In June, Congress gave physicians relief from the scheduled 21 percent Medicare pay cut, but only until the end of November. The payment patch, which briefly increases reimbursement by 2.2 percent, leaves doctors in limbo.
Explore This IssueSeptember 2010
If Congress doesn’t intervene by Nov. 30, a 23 percent cut will go into effect in December and increase to nearly 30 percent in January. Now that health reform has passed, medical societies are doubling their efforts to get Congress to repeal the physician payment formula, based on the sustainable growth rate (SGR), and to introduce a system in which annual payment updates reflect changes in the cost of practicing medicine.
Many physicians are still upset that the law did not include permanent Medicare payment reform. “The most sweeping health care reform in a generation has just been passed this year. It’s interesting that the [Medicare payment] formula was not even addressed in this massive health reform legislation,” said Pete S. Batra, MD, associate professor and co-director of the Comprehensive Skull Base Program at the University of Texas Southwestern Medical Center at Dallas.
The June 24 temporary payment measure passed three weeks after the 21 percent pay cut went into effect. The patch was retroactive to June 1, but many physicians experienced cash-flow problems in the interim, according to J. James Rohack, MD, immediate past president of the American Medical Association (AMA). Some limited the number of Medicare patients they saw, and others had to take out loans to meet payroll.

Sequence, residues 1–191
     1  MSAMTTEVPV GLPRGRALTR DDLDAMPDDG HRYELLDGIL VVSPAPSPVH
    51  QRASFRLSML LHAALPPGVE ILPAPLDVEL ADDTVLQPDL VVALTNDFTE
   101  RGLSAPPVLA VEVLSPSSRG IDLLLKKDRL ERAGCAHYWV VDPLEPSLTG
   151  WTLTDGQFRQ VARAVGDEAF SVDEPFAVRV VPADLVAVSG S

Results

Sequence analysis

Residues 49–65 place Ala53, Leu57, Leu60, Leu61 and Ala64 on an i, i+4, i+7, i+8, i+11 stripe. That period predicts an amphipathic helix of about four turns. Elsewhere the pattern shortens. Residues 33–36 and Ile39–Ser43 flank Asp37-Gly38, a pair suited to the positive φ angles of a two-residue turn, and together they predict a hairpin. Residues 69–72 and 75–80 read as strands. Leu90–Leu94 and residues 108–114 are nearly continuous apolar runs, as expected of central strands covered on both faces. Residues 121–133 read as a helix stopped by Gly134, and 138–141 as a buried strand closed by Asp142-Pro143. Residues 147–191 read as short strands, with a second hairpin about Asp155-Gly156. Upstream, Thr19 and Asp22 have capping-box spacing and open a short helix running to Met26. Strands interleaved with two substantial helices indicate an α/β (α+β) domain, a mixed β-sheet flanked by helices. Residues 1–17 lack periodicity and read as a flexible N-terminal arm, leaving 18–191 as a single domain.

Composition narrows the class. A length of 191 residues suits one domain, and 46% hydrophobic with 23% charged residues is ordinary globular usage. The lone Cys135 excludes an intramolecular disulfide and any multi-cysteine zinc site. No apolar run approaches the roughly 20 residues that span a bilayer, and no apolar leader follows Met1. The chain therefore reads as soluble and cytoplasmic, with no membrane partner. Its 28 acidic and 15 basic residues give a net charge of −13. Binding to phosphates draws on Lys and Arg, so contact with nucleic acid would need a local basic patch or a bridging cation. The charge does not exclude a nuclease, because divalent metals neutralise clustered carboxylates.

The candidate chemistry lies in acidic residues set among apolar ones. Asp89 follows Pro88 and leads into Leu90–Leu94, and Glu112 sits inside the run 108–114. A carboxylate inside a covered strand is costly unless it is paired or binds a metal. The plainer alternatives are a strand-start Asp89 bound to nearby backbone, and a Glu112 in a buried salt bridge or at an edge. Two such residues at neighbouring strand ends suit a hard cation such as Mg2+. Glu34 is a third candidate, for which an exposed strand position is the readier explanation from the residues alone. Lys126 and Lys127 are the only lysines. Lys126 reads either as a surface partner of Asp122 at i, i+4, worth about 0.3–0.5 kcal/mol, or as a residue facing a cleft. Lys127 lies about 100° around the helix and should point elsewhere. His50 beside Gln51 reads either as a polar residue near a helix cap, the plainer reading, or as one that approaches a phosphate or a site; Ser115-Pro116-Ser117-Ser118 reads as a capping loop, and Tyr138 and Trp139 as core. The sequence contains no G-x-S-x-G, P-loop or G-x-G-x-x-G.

A May 2010 AMA survey of 9,000 doctors found that 17 percent of physicians are restricting the number of Medicare patients in their practice. The top two reasons given: Payment rates are too low (85 percent), and the ongoing threat of payment cuts makes Medicare an unreliable payer (78 percent).
If cuts go through in December, more doctors will be forced to make tough decisions about Medicare, Dr. Rohack said. The survey found that 54 percent of physicians would restrict the number of Medicare patients they treat, 50 percent would stop taking new Medicare patients and 31 percent would stop taking any Medicare patients.
“A physician doesn’t need to have an MBA to say, ‘Do I want to participate in this insurance product that isn’t going to cover my costs and is going to require me to do a whole bunch of other things like the physician quality reporting initiative and investing in health information technology?’” Dr. Rohack said.